The Dim Sum Field Guide: Not For the Novice Dim Sum Eater
I love dim sum so I jumped at the chance to review Carolyn Phillips’ “The Dim Sum Field Guide”. My first impression of the book was, quite honestly, underwhelming. “There aren’t any photographs,” I lamented to my hubby. “Only line drawings of each tasty morsel and in black and white no less. How is this going to help the dim sum newbie navigate the chaotic, intimidating hustle and bustle of a Chinese Tea House? In this day and age a field guide should have photos of each entry, not line drawings.” Disappointed, I put the book aside.
A few days later I picked up the book again this time spending a bit more time perusing it. There is an introduction to and history of dim sum, dim sum etiquette and a funny, but all to true, bit on fighting over the bill. The book is divided by savory and sweet and then further divided by wrapped or not wrapped, method of cooking, and hot or cold. Frankly, it was confusing, but then again, dim sum is comprised of hundreds of different dishes and virtually impossible to neatly categorize.
Each dish has two pages. One is the line drawing and the other is best described as a taxonomy of each item with origins (history), nesting habits (how many in an order) and species (variations). Also listed was a pronunciation guide in Mandarin and Cantonese with the name of each dish in Chinese characters. The line drawings are very nice but one would be hard pressed to identify or differentiate many of the dishes from the drawings. I did like the origins section which presented little factoids about each dim sum that I never even thought about. Basic fillings are listed for each. Whether a dish contains pork, seafood or beef or if it is vegetarian or vegan is also noted.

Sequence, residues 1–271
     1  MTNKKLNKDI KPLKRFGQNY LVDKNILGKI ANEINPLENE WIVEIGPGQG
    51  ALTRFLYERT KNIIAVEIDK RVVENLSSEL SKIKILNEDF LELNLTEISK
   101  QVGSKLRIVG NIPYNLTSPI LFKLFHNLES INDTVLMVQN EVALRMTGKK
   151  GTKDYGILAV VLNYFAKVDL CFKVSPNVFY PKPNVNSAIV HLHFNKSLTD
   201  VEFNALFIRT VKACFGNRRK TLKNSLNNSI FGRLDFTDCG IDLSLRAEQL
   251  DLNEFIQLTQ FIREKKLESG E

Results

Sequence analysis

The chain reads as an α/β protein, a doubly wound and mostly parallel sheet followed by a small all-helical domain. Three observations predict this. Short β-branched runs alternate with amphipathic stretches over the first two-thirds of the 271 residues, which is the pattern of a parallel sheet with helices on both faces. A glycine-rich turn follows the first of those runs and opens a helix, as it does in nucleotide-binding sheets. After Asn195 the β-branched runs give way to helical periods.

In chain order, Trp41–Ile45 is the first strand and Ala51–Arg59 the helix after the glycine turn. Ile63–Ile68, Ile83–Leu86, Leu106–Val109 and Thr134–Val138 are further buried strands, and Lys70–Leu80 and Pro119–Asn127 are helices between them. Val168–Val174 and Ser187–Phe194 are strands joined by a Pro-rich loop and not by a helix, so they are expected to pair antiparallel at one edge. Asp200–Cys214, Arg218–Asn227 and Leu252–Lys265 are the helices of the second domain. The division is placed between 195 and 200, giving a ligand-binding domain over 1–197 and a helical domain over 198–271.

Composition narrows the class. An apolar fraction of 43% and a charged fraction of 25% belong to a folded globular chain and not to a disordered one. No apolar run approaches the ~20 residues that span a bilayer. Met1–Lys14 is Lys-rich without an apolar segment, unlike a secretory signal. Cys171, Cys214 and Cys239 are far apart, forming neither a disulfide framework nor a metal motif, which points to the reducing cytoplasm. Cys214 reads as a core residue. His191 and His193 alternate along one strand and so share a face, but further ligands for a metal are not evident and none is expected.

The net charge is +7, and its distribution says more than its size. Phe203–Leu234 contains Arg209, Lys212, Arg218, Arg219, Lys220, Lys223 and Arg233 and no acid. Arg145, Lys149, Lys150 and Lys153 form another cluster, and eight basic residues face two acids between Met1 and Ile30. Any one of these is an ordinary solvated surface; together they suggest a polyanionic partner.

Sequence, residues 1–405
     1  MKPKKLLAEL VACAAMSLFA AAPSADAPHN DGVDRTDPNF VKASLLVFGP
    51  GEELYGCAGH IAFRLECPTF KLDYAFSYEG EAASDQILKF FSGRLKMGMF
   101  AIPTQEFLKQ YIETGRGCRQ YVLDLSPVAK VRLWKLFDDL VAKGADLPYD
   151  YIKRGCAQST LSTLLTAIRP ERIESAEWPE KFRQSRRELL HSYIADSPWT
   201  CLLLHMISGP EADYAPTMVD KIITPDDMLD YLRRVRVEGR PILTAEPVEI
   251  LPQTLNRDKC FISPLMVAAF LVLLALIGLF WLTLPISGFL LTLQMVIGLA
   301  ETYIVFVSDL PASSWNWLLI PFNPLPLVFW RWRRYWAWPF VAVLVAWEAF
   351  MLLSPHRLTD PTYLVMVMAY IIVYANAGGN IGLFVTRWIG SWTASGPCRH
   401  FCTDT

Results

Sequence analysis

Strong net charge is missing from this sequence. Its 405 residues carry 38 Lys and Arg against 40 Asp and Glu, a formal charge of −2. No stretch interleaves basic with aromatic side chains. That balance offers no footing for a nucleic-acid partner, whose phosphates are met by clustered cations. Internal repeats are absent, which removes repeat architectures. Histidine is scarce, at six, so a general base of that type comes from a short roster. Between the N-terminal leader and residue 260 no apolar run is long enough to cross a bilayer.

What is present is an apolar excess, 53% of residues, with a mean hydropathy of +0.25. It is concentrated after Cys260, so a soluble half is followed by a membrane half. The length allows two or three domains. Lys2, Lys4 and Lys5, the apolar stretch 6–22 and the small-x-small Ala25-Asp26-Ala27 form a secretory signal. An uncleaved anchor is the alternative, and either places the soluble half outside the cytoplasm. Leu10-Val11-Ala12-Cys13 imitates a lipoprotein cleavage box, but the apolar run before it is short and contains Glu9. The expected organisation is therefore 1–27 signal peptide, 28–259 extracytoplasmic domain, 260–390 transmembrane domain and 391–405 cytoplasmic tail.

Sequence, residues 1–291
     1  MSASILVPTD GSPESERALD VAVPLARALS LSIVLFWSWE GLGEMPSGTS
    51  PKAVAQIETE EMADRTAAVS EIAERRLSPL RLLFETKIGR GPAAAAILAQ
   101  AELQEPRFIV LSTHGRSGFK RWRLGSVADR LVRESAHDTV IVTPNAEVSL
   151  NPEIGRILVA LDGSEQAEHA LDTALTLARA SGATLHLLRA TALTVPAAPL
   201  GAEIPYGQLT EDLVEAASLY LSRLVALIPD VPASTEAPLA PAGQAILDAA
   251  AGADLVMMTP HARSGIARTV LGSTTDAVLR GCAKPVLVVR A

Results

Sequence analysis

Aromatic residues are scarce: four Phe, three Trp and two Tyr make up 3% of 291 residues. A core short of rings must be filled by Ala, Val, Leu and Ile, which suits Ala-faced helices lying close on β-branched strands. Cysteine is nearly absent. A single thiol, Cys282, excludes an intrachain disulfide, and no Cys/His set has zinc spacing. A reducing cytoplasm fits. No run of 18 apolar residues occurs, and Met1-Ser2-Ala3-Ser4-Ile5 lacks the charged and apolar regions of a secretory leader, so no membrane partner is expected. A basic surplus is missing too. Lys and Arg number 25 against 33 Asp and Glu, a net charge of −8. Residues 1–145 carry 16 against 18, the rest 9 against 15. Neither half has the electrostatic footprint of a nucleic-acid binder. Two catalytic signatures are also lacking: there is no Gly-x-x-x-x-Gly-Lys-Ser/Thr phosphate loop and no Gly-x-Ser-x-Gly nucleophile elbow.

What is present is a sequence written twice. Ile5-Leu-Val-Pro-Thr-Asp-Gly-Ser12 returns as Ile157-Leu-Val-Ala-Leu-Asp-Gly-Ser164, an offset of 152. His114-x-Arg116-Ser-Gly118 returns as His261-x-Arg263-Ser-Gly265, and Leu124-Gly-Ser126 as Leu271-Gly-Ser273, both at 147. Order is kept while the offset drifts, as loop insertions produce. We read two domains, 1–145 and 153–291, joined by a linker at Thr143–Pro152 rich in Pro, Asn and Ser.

This is my first review for Blogging for Books. I am a bit bummed that it isn’t a glowing review where I finish with the tag line-You need to get this book NOW!. However, it is a cute coffee table worthy book with interesting tidbits about dim sum. Fortunately, I am not new to dim sum so I know what I am ordering, but I am going to sound pretty smart the next time I take my friends to a Chinese teahouse.